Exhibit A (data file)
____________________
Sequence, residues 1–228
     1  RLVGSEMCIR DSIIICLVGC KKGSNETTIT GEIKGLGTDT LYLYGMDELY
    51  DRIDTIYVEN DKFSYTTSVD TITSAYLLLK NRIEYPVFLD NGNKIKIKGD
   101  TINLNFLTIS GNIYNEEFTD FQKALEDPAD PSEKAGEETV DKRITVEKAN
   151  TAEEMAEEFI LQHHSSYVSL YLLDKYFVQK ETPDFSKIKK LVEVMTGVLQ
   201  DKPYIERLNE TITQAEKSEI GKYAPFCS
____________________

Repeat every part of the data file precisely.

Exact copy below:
Sequence, residues 1–228
     1  RLVGSEMCIR DSIIICLVGC KKGSNETTIT GEIKGLGTDT LYLYGMDELY
    51  DRIDTIYVEN DKFSYTTSVD TITSAYLLLK NRIEYPVFLD NGNKIKIKGD
   101  TINLNFLTIS GNIYNEEFTD FQKALEDPAD PSEKAGEETV DKRITVEKAN
   151  TAEEMAEEFI LQHHSSYVSL YLLDKYFVQK ETPDFSKIKK LVEVMTGVLQ
   201  DKPYIERLNE TITQAEKSEI GKYAPFCS